Teachers set to run remote classes during future school closures

Failure to cooperate with reforms would trigger pay freezes for union members

Teachers’ unions say they will “engage” with Department of Education reforms which would spell the end of school closures for snow, bad weather or other unexpected reasons.

A series of reforms are set out in a new action plan linked to the public service pay agreement reached between the Government and trade unions last December.

It includes using digital technology to continue teaching remotely in the event of unforeseen school closures, along with plans to conduct more teacher training and oral / practical State exams outside school hours .

A failure on the part of unions to engage with these plans could result in members forfeiting pay increases due under the agreement in October 2021 and October 2022.


Association of Secondary Teachers' Ireland (ASTI) general secretary Kieran Christie said while the union rejected the terms of the pay deal, it was bound by its terms in the context of the aggregate vote for acceptance by Irish Congress of Trade Unions.

“ASTI will engage with the Department of Education on its action plan in that context,” he said.

A spokesman for the Teachers’ Union of Ireland (TUI) said the union has engaged with the department in relation to the action plan and will continue to do so.

“Clearly, with any such plan, meaningful engagement and consultation with stakeholders on an ongoing basis is essential,” he said.

A spokesman for the Irish National Teachers’ Organisation declined to comment.

Under the terms of the pay deal - officially known as Building Momentum - unions are required to “fully comply” with the terms of the agreement and maintain industrial peace.

The Department of Education confirmed on Tuesday that the benefits of the agreement will not apply to any union which fails to adhere to the provisions of the agreement.

“Co-operation with ongoing workplace change and reform initiatives ... will be a prerequisite for availing of the benefits of this agreement,” a spokesman for the department said.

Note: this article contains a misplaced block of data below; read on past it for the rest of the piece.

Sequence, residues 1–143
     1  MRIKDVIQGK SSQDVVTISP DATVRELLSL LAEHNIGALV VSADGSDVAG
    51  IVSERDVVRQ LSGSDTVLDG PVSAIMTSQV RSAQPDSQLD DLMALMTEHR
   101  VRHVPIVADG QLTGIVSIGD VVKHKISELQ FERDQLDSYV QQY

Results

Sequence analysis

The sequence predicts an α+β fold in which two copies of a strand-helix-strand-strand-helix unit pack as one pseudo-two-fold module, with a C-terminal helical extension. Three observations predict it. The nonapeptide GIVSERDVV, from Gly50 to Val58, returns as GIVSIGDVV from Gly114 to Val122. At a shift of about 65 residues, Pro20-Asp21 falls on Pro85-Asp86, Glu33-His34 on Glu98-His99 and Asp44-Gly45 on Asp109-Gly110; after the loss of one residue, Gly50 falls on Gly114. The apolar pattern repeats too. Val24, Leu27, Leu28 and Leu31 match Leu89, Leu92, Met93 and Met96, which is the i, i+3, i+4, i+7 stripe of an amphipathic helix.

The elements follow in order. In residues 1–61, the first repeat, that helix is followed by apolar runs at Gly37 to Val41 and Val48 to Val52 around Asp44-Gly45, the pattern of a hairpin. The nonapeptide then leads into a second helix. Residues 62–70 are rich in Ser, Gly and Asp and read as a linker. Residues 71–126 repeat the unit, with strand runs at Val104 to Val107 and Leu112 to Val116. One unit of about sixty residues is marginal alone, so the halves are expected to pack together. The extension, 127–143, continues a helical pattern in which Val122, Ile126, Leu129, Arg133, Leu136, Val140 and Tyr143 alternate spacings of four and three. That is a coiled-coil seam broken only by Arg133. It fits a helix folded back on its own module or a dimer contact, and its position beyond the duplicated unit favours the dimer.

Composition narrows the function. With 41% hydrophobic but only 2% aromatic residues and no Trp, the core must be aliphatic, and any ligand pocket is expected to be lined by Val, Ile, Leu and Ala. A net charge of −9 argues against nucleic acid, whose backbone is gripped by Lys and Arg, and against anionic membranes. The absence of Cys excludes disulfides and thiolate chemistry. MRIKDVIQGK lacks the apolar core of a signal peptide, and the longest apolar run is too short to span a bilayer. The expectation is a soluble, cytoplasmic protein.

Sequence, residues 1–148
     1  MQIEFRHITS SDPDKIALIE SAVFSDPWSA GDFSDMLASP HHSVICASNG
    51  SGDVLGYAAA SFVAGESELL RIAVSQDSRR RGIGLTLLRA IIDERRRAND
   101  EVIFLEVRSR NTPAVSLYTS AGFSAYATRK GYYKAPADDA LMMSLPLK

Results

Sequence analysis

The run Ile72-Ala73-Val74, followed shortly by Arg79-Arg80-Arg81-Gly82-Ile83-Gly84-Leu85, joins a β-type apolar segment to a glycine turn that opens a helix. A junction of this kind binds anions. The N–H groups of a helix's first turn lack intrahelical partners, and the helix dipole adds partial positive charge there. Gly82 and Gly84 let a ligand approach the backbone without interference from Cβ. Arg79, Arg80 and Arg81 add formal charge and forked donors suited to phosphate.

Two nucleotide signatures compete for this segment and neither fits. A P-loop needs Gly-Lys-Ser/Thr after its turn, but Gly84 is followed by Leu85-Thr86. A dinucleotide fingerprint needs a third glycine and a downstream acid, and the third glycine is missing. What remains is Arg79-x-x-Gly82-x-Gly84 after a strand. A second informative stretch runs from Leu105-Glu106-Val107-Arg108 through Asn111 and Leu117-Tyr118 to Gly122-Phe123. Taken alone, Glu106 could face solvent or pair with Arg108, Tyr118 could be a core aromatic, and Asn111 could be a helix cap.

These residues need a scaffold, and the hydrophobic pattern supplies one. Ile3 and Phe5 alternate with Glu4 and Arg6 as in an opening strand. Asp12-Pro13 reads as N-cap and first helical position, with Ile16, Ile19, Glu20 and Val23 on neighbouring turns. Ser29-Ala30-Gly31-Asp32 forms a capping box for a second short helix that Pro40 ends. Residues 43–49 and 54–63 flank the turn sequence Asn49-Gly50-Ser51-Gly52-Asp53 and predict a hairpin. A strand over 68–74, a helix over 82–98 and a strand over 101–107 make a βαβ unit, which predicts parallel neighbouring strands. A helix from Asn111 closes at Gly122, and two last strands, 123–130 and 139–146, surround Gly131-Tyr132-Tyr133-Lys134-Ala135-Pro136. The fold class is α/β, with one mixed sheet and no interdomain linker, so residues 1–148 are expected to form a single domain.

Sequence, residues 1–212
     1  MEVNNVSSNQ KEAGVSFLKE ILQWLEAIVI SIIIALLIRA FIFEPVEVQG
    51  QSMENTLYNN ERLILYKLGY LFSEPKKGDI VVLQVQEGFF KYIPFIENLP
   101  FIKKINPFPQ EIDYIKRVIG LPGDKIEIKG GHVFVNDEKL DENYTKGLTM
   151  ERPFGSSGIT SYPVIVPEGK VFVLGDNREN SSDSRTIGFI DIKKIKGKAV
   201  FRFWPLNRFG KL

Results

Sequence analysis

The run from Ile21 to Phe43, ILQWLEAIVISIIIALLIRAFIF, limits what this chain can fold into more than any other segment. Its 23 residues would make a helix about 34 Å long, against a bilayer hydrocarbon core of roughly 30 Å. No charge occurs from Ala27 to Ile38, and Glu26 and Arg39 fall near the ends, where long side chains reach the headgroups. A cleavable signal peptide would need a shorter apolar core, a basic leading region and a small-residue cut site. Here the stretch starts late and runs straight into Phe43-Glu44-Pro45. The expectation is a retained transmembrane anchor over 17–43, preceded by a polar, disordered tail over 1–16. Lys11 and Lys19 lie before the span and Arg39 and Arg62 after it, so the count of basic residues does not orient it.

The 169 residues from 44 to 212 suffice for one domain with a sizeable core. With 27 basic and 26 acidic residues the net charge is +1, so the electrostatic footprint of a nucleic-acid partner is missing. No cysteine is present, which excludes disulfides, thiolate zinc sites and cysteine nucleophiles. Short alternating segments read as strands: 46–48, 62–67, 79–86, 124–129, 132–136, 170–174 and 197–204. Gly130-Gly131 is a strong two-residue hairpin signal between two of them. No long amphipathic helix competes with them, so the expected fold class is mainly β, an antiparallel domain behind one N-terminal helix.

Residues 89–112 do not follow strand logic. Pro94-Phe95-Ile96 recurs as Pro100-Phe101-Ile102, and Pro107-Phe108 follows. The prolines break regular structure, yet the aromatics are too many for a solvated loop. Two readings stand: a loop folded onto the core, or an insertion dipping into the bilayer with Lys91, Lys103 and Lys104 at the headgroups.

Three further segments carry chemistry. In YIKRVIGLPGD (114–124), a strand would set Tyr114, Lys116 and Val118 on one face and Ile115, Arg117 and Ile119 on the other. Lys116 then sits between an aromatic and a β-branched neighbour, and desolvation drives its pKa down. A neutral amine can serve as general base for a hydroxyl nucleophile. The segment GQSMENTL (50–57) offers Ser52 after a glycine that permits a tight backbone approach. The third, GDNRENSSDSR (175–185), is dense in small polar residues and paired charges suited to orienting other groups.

Progress reports, containing details on the delivery of action plans and compliance with industrial peace, is a key way that adherence to the agreement will be monitored.

These reports will be submitted by the secretary general of the Department of Education to the Department of Public Expenditure in September 2021 and September 2022, a month before scheduled pay increases.

“Failure to comply with the terms of the agreement in one area will have knock-on implications for the implementation of other provisions,” a spokeswoman for the Department of Public Expenditure said.

The action plan for the Department of Education also proposes holding oral and practical elements of Leaving and Junior Cert exams outside school time.

A proposal to consider moving professional development for teachers outside school hours and online is also contained in the plan.

Educators would, it is anticipated, co-operate more with curriculum reform in primary and post-primary as well as with reforms in the further education sector.

For second-level teachers, the department’s plan is to seek “co-operation with continued implementation of the framework for junior cycle”.

“This will incorporate subject learning and assessment review meetings taking place at a time which does not impinge on a teacher’s contact time with students nor necessitate additional expenditure to the allocation already provided for professional time for teachers.”

For staff in Education and Training Boards and further education, it proposes the reassignment of personnel to new roles as a result of new technology or due to changes in business and operational practices.

Carl O'Brien

Carl O'Brien

Carl O'Brien is Education Editor of The Irish Times. He was previously chief reporter and social affairs correspondent